OECD Crypto-Asset Reporting Framework | Cadwalader, Wickersham & Taft LLP
On March 22, 2022, the Organization for Economic Co-operation and Development (“OECD”) released a public consultation document proposing new and amended reporting requirements for crypto-assets and e-money products, as well as proposed changes to the Common Reporting Standard. (“CRS”) for the automatic exchange of financial account information between countries.
The rapid adoption of crypto-assets for a range of financial and investment activities has posed challenges for national tax administrations in recent years. Unlike traditional financial products, crypto-assets can be transferred and held without the involvement of traditional financial intermediaries. There is no central global organization or regulator that provides full visibility into transactions made by, or crypto-asset holdings, individuals, companies, or funds. It is therefore not surprising that national and global tax administrators are concerned that crypto-assets are being exploited to undermine existing international tax transparency initiatives, such as the CRS.
Framework for crypto-asset reporting
The OECD’s publication of its Crypto-Asset Disclosure Framework (the “Framework”) was requested by the G20 to serve as a stand-alone framework for the automatic exchange of information on crypto-assets. A crypto-asset is broadly defined in the framework as “a digital representation of value that relies on a crypto-secured distribution ledger or similar technology to validate and secure transactions.” The definition used for “cryptoasset” is broad, encompassing stablecoins, derivatives issued in the form of a cryptoasset, and certain non-fungible tokens. In order to future-proof the Framework as much as possible, the scope of crypto-assets covered includes asset classes based on similar technology that may emerge in the future.
The framework provides for the collection and exchange of tax information between tax administrations, with respect to persons carrying out certain transactions in crypto-assets. Draft rules and commentary on these provisions are included in the framework and cover crypto-assets that can be held and transferred in a decentralized manner, without the involvement of traditional financial intermediaries.
Persons and entities that provide a commercial crypto-asset transfer service, or that exchange crypto-assets for other crypto-assets or for fiat currencies, will be required to apply the Framework’s due diligence procedures to identify their customers and then report annually the aggregate values of transfers and exchanges for these customers. The scope of reporting under the framework is therefore intended to extend to a wide range of intermediaries that facilitate crypto-asset exchange and transfer transactions. Brokers and traders, custodians, financial exchanges, merchants accepting crypto-assets, e-wallet services and even crypto-asset ATMs will therefore be included in the reporting required under the framework. A limited range of assets are excluded from the reporting framework – including central bank digital currency and closed-loop crypto-assets – when these are not considered by the OECD to pose systemic risk to investors. tax authorities.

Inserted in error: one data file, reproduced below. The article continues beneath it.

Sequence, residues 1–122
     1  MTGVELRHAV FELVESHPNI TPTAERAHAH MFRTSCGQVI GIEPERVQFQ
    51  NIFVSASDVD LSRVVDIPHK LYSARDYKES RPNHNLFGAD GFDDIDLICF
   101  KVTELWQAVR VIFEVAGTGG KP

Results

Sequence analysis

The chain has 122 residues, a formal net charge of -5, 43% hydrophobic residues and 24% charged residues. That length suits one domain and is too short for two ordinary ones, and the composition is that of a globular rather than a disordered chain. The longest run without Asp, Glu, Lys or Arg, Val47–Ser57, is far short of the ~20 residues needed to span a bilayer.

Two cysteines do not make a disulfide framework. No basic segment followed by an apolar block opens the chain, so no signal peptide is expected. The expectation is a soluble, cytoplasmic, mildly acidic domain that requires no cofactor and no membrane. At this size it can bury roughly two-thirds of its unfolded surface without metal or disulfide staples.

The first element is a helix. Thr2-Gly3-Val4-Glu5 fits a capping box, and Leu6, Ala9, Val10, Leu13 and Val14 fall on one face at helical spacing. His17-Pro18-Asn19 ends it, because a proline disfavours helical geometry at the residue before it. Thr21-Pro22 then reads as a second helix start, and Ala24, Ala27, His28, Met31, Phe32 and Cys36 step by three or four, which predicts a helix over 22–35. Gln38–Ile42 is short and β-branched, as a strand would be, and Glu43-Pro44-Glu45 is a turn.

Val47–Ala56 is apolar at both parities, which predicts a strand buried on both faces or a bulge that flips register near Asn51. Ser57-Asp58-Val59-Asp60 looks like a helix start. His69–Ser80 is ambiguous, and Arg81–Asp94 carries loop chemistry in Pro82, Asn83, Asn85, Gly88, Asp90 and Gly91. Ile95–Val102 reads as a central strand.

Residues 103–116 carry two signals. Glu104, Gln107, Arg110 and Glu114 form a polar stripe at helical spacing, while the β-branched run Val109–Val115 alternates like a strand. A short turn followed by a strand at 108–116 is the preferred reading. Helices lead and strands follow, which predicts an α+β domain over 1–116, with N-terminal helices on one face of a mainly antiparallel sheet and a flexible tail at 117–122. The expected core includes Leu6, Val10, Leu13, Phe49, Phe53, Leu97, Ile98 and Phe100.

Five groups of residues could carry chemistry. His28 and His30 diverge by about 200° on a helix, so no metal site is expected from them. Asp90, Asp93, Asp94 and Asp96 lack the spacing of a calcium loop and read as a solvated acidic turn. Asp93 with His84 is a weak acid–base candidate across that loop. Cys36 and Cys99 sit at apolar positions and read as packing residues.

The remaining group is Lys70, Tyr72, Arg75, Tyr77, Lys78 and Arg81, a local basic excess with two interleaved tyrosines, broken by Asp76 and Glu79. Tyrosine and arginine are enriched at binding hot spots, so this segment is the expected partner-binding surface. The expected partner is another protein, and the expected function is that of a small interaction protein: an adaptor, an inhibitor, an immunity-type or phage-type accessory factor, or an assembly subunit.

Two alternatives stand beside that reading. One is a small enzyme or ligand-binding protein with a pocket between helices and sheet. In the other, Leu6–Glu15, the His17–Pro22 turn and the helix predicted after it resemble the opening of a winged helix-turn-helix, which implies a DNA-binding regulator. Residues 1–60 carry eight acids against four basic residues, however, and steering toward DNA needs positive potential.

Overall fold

The intention is that the framework will be transposed into national law in order to facilitate the collection of information from resident crypto-asset intermediaries. Local provisions will be supplemented by bilateral or multilateral agreements between competent authorities for the automatic exchange of information collected under the framework, on the basis of double taxation conventions and the convention on mutual administrative assistance. in tax matters.
Proposed CRS Amendments
In addition, the OECD has also proposed some changes to the CRS, with the aim of further improving the operation of the CRS to cover various digital financial products, including e-money products and Central Bank digital currencies. These proposals include changes to cover indirect investments in crypto-assets, which is achieved through proposed changes to the wording of “Investment Entity” and “Financial Asset”. The intention is to ensure that the CRS encompasses derivatives referencing crypto-assets held in custody accounts and investment entities investing in crypto-assets. The proposal also contains new provisions to ensure effective interaction between the CRS and the framework, in particular to limit instances of duplication of reporting and to improve due diligence procedures and the usability of CRS information for tax administrations and financial institutions.
The public consultation closes on April 29, 2022 and will be followed by the OECD report to the G20 in October 2022.